## Tuesday, 9 February 2010

### A domain specific language for binary file formats

I recently wrote a parser for the Flash file format specification, in Haskell. I managed to build support for reading and writing all the Flash 10 specification (apart from the embedded multimedia formats, such as h.264 and MP3) in only three days of committed coding.

How did I implement this 250+ page specification in such a short amount of time? Simple - I took the specification and made it executable.

The specification is full of tables describing the on-disk format that look like this:

At first, I began by manually coding up my library from these tables. Unfortunately, each table corresponds to no less than three bits of Haskell:

• A data type definition for the record (called FOCALGRADIENT in this case)

• A function for reading that record from the file (of type SwfGet FOCALGRADIENT: SwfGet is a state monad encapsulating a ByteString)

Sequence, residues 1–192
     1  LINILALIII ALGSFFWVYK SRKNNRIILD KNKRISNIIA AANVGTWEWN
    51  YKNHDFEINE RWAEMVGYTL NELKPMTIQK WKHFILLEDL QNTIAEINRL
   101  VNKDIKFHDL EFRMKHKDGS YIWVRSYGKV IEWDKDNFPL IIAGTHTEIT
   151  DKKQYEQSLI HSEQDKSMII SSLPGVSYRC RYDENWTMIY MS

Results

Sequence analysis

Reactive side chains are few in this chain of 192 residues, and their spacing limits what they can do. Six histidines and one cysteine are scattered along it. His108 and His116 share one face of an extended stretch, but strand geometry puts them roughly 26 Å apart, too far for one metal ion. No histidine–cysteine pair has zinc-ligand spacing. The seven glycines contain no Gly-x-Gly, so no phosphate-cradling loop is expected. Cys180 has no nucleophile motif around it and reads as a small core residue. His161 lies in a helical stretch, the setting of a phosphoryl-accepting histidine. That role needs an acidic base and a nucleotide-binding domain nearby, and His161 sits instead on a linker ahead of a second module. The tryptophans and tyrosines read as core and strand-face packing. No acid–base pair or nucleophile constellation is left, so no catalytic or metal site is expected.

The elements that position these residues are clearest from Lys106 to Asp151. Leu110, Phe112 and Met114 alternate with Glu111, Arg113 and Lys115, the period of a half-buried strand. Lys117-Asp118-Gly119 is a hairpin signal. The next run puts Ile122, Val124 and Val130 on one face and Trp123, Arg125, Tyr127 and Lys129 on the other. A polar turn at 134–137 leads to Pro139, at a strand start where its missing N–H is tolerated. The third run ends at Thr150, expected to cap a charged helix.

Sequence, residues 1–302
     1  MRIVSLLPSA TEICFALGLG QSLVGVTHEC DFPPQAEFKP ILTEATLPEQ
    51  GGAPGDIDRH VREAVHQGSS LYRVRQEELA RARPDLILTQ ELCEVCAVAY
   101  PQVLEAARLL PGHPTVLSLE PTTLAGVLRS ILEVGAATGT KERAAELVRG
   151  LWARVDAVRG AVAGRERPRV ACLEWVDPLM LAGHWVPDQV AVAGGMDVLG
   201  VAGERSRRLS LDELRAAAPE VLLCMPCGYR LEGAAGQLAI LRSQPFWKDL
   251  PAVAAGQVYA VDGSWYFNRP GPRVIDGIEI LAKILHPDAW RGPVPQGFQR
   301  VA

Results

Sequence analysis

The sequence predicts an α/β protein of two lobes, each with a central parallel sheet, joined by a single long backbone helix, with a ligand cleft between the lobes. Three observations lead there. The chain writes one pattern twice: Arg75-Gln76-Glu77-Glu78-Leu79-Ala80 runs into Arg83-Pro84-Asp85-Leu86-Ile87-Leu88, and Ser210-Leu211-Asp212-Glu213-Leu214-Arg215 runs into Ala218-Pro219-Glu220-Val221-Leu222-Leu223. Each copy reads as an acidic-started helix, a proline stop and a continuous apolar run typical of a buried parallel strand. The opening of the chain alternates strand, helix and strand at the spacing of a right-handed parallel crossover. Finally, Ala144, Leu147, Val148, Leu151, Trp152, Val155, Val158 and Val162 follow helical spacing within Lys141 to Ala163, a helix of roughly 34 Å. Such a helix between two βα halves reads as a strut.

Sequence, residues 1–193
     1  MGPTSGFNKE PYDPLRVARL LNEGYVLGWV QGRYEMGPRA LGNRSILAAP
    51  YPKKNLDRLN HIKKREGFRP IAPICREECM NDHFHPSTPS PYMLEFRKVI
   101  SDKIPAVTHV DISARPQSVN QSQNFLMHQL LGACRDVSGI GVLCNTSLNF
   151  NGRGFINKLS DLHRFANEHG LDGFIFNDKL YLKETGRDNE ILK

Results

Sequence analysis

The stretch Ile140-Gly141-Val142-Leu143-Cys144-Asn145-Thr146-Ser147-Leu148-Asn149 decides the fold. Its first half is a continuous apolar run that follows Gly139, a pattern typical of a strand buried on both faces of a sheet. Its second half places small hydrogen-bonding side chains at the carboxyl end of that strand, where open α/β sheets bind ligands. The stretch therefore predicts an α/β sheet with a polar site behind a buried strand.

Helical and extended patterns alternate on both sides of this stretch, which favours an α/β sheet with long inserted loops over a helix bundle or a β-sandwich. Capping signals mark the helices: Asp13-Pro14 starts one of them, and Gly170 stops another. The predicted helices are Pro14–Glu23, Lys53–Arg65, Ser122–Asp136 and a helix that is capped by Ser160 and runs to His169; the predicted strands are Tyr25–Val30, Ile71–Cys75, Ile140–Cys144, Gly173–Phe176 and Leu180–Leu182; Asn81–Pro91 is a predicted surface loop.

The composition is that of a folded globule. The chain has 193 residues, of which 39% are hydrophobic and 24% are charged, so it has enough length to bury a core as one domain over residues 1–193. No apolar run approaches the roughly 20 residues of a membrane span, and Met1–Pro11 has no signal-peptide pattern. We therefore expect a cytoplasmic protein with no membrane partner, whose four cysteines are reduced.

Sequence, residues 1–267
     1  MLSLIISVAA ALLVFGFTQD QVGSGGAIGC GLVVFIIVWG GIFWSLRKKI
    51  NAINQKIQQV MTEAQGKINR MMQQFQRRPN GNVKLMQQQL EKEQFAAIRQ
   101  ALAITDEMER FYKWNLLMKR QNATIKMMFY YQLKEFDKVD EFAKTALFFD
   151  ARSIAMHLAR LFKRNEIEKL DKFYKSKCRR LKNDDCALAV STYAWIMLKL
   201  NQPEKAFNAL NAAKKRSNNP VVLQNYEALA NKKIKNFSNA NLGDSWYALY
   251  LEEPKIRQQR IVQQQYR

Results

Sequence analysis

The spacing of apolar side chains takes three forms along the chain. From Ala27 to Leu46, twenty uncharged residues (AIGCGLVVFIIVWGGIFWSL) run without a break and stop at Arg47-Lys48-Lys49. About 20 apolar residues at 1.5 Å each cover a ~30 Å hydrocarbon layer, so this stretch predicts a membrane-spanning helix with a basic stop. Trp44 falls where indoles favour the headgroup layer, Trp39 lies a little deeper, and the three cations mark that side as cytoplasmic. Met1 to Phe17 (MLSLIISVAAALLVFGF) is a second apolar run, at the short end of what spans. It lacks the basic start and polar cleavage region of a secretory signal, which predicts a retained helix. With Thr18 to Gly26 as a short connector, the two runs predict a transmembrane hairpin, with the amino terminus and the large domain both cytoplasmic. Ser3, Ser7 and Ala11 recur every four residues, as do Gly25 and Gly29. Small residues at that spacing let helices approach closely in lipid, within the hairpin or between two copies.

• A function for writing that thing back (of type FOCALGRADIENT -> SwfPut (), where SwfPut is another monad)

It quickly became obvious that writing this code (and keeping the three versions in sync!) was totally untenable.

My solution was to turn my parser into a Literate Haskell file which can contain sections like the following:

   p18: RGB color record   \begin{record}   RGB   Field Type Comment   Red   UI8  Red color value   Green UI8  Green color value   Blue  UI8  Blue color value   \end{record}

I then have a preprocessor which replaces these wholesale with code implementing the data type, reader and writer. For our running example, we get this:

   data RGB = RGB{rGB_red :: UI8, rGB_green :: UI8, rGB_blue :: UI8}            deriving (Eq, Show, Typeable, Data)   getRGB     = do rGB_red <- getUI8          rGB_green <- getUI8          rGB_blue <- getUI8          return (RGB{..})   putRGB RGB{..}     = do putUI8 rGB_red          putUI8 rGB_green          putUI8 rGB_blue          return ()